For Soloists, Chorus and Baroque Ensemble
During his years in Köthen, Bach had no official duties in church or chapel. At St Agnus Kirche he had to listen to the efforts of inferior musicians, and doubtless instantly composed in his mind the music they should have written.
Perhaps, one day, he falls asleep during the sermon. As he dreams, fragments of his instrumental pieces (from the Köthen period: the Brandenburg Concertos and the First Book of The Well-tempered Clavier) form themselves into a mass: a dream-mass in which certain musical ideas are recognizable, but their powerful logic has gone – they have detached from their surroundings and float in free association. As the great man’s head nods, incomplete phrases of the E minor prelude repeat fretfully and become the accompaniment for a Kyrie; a passage from the slow movement of the 4th Brandenburg Concerto drifts waywardly into ‘Christe eleison’; the prelude returns in augmentations that Bach would forbid, if only he could wake up.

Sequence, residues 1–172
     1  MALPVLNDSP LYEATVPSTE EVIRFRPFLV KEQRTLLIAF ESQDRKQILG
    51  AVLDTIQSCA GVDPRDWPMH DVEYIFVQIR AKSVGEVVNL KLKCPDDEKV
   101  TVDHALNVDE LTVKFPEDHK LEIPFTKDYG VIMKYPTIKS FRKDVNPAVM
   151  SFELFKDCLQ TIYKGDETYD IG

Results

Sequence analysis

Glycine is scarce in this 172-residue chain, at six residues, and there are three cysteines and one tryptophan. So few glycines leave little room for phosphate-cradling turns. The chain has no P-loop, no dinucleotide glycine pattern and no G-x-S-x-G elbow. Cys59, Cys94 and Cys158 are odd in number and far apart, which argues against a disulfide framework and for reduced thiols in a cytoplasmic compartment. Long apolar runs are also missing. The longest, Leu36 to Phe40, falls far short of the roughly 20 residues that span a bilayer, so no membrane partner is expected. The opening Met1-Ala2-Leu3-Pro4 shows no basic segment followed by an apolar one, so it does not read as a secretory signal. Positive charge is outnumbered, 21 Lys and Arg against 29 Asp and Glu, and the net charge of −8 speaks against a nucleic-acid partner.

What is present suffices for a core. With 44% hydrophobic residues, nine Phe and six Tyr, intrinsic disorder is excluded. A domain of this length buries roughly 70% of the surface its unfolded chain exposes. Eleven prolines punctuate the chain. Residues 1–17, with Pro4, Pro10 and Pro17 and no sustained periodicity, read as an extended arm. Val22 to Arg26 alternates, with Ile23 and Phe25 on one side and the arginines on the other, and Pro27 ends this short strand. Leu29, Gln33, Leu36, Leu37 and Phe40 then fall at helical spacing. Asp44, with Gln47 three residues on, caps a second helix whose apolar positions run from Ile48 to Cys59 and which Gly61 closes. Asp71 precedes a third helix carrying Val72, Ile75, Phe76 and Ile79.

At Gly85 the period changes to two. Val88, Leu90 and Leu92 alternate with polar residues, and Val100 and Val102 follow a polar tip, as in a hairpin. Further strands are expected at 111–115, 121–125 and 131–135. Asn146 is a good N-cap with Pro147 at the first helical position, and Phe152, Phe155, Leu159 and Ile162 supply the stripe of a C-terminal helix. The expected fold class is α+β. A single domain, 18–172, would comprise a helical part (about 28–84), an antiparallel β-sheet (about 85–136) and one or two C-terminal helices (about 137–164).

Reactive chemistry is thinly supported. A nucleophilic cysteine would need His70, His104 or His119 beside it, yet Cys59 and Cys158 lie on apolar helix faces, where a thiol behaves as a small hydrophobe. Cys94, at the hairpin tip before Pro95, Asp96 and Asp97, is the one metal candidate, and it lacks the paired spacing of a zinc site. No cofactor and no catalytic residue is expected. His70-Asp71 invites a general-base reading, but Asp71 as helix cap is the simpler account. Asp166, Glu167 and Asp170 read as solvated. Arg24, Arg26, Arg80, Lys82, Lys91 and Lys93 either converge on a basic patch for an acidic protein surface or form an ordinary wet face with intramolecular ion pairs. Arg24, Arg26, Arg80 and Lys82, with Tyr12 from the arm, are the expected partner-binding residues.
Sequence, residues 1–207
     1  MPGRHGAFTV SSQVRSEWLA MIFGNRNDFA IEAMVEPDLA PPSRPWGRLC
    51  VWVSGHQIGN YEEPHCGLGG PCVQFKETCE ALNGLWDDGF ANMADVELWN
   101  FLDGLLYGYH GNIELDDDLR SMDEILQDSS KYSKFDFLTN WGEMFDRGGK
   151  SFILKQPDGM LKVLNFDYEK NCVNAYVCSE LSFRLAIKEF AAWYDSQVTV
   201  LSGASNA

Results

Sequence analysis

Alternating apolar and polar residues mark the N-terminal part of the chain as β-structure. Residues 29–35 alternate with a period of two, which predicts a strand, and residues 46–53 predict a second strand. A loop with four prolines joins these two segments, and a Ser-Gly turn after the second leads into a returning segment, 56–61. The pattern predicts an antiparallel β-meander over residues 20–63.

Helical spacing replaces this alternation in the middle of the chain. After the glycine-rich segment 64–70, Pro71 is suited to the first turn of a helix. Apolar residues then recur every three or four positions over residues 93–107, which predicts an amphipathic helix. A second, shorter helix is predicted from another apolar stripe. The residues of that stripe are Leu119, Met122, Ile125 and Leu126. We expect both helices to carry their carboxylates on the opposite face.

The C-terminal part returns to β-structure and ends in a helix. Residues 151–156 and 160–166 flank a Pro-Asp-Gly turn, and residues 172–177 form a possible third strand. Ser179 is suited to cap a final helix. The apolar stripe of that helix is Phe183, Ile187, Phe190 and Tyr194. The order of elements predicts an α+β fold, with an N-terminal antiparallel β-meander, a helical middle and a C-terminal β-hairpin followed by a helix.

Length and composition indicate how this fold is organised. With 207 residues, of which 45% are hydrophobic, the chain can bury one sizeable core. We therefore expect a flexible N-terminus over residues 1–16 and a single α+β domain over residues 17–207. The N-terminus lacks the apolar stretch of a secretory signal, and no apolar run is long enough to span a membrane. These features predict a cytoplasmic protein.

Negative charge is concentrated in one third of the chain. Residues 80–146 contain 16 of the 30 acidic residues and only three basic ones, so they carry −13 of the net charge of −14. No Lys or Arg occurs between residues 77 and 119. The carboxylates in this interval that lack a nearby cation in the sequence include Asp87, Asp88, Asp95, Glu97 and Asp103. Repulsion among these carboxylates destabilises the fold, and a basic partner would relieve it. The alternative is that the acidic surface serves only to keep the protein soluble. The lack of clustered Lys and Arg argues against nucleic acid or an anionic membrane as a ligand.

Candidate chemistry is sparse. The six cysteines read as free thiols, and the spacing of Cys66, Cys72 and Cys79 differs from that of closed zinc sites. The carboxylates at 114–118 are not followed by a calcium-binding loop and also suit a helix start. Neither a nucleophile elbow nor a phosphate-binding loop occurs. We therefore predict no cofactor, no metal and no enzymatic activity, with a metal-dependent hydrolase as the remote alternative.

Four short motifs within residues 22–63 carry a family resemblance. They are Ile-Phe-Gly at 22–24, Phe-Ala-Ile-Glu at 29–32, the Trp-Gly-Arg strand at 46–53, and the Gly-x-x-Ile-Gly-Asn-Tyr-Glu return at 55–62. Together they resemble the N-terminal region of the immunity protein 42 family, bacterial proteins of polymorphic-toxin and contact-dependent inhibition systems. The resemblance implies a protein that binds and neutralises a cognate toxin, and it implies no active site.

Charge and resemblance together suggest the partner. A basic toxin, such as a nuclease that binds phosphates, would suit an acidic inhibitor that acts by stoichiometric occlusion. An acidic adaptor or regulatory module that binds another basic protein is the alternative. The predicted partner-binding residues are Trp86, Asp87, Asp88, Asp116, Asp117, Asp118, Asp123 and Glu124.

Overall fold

Now the Gloria: the prelude and fugue in G major mingle with snatches of the 3rd and 4th Brandenburg concertos. The Sanctus is a dreamlike meeting between the 6th concerto and the C major prelude. It leads seamlessly into the Benedictus – a pupil is playing the B flat major prelude, but his left hand has started on the wrong note. Finally, in the Agnus Dei, the (transposed) opening of the B flat minor prelude repeats itself over the subject and answer of the B minor fugue, and eventually over the closing bars of the fugue – but Bach is still fast asleep, and his music plays in slow-motion.
Commissioned by Köthener Bach Festtage
First performance: 1st September 2002, Himlische Cantorey and Akademie für Alte Musik Berlin, Jonathan Dove, Köthener Bach Festtage.
SATB Soloists, SATB Chorus, 2 Alto Recorders, Harpsichord, Strings (min. 18.104.22.168.1)